- Strategic value: As a secure, multiuser application, Cognos Disclosure Management provides a single hub for departmental narrative reporting. Shared objects can be included in a variety of documents so that departmental users can comment on common content from their own unique perspectives. They may be writing local business or functional reports, but their local or functional content could be incorporated into group reports automatically. The application can release untapped document production synergies.
High-frequency, short reporting cycles focusing on current, imminent and future outcomes
- Operational value: Using Cognos Disclosure Management, document administrators can see the big picture at a glance from their activity dashboards. They can spot bottlenecks, enforce formatting standards and generally expedite the reporting process. Departmental users can work at the speed of the fastest team member, not the slowest. Everyone can see which part of the document is checked in or checked out. Increased transparency helps reduce cycle times and therefore the cost associated with the process.
- Tactical value: Reports can include data from a wide variety of IBM Analytics solutions and platforms as well as many other data sources, helping increase document scope and potential insight. Once a reporting cycle is completed, the document can be rolled forward to jump-start the next cycle. Such automation can save hours of tedious clerical work.
- Strategic value: The solution delivers central data connectivity and query management through multi-flavor, built-in online analytical processing (OLAP) and relational query builders; Cognos Business Intelligence connectivity; Object Linking and Embedding database (OLE DB); Open Database Connectivity (ODBC); Excel source files; and so on. These capabilities rationalize the way users interact with common data. One query could be used in many reports. Different output formats can be chosen for different audiences, but they still see the same consistent view no matter what the media. This approach promotes alignment and commitment to corporate goals.
Automating and streamlining internal reporting
Finance has always played a key role in improving common, companywide business processes. And now narrative reporting is no exception. Cognos Disclosure Management can help finance departments facilitate the automation and streamlining of internal document production cycles across the entire organization. The platform helps finance departments break down dysfunctional game playing within a department and unnecessary stereotyping and demarcation lines among departments. It can be deployed on premises or on cloud-based platforms. Other service functions can also use it to help front-line business units and operating regions buy into the key management reporting requirements within their professional domains, including human resources (HR), IT, facilities management, product management, and so on.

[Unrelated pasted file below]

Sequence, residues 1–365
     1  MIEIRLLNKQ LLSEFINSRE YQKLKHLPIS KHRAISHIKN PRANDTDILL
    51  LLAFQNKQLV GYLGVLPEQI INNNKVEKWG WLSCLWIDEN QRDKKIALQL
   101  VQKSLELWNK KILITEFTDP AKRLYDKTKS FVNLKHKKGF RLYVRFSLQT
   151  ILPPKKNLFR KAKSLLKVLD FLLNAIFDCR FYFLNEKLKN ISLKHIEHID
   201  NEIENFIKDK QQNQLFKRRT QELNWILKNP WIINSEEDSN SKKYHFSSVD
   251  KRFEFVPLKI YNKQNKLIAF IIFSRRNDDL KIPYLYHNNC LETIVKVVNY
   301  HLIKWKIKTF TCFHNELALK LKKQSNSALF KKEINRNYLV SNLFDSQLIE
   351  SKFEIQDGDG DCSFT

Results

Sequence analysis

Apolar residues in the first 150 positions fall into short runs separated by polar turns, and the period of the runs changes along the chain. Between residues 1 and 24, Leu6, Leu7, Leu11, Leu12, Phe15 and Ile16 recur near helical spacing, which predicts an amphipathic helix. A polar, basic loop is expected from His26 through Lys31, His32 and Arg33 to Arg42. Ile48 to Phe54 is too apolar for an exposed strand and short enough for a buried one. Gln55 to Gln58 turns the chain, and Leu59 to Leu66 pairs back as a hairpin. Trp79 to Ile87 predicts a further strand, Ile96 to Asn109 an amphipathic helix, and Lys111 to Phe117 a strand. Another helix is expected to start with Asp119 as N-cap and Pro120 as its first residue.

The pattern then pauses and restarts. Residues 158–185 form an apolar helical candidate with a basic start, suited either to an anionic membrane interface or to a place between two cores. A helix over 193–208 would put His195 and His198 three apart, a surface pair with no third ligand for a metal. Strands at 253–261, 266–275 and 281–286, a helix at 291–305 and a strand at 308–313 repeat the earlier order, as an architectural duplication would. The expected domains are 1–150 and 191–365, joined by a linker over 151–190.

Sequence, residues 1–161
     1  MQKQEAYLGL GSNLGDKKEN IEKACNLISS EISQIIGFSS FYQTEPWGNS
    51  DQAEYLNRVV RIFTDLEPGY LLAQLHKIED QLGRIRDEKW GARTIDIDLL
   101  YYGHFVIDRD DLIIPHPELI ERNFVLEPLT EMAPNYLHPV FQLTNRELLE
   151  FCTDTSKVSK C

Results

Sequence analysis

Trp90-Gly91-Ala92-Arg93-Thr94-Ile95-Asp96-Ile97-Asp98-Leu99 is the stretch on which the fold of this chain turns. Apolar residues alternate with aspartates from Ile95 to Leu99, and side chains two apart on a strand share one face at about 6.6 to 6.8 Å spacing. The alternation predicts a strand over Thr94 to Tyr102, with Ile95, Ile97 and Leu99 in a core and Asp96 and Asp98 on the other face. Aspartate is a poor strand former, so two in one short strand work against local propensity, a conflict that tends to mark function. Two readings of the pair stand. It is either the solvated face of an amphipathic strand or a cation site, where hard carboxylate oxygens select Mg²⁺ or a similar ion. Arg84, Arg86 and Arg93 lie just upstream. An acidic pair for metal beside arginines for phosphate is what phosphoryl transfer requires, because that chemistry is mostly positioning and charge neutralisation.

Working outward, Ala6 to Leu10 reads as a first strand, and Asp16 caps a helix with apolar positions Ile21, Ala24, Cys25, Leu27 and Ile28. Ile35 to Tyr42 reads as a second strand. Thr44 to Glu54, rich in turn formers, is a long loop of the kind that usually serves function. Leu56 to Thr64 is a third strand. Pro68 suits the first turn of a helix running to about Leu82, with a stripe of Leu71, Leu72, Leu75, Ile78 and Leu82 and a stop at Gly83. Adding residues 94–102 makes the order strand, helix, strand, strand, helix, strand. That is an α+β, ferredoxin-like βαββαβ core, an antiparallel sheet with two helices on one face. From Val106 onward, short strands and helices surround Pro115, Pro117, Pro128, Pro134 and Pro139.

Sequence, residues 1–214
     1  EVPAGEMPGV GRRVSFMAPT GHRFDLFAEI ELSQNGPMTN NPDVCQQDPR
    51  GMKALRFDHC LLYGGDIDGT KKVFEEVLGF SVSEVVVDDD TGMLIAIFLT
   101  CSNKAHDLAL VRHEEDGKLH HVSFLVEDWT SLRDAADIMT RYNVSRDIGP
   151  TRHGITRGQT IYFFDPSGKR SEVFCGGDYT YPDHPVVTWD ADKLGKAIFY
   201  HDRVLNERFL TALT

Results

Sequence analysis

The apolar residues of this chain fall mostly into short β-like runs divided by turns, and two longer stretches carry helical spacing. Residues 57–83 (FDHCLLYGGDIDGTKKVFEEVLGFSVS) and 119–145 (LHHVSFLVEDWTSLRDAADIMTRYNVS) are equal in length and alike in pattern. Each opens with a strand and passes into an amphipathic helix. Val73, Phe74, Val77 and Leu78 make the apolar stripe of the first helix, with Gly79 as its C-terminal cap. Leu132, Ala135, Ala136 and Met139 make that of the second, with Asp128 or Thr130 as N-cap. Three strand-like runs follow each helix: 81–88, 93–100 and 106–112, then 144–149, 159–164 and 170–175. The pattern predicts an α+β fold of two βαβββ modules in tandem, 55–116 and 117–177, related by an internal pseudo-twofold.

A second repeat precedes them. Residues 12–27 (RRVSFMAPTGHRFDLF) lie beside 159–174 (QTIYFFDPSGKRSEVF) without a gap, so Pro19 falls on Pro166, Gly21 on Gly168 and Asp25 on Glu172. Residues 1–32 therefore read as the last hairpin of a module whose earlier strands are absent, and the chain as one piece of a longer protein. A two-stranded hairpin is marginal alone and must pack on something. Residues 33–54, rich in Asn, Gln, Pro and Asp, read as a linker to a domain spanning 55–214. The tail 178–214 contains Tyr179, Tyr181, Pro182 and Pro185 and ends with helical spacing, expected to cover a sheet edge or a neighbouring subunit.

Once line-of-business users see how easy it is to use Cognos Disclosure Management in their own narrative reporting environments, they can feel a lot more comfortable writing their own performance reports and commentaries for the finance department. They may even say, “Help me break open and investigate the numbers, so that I can write my own commentary.”
In the meantime, cutting their teeth on their own documents should help departmental users understand the different levels of business value that can be derived from narrative reporting best practices. Institutionalizing best practices in this manner should help finance departments promote, or rebuild, interdepartmental trust for the greater good.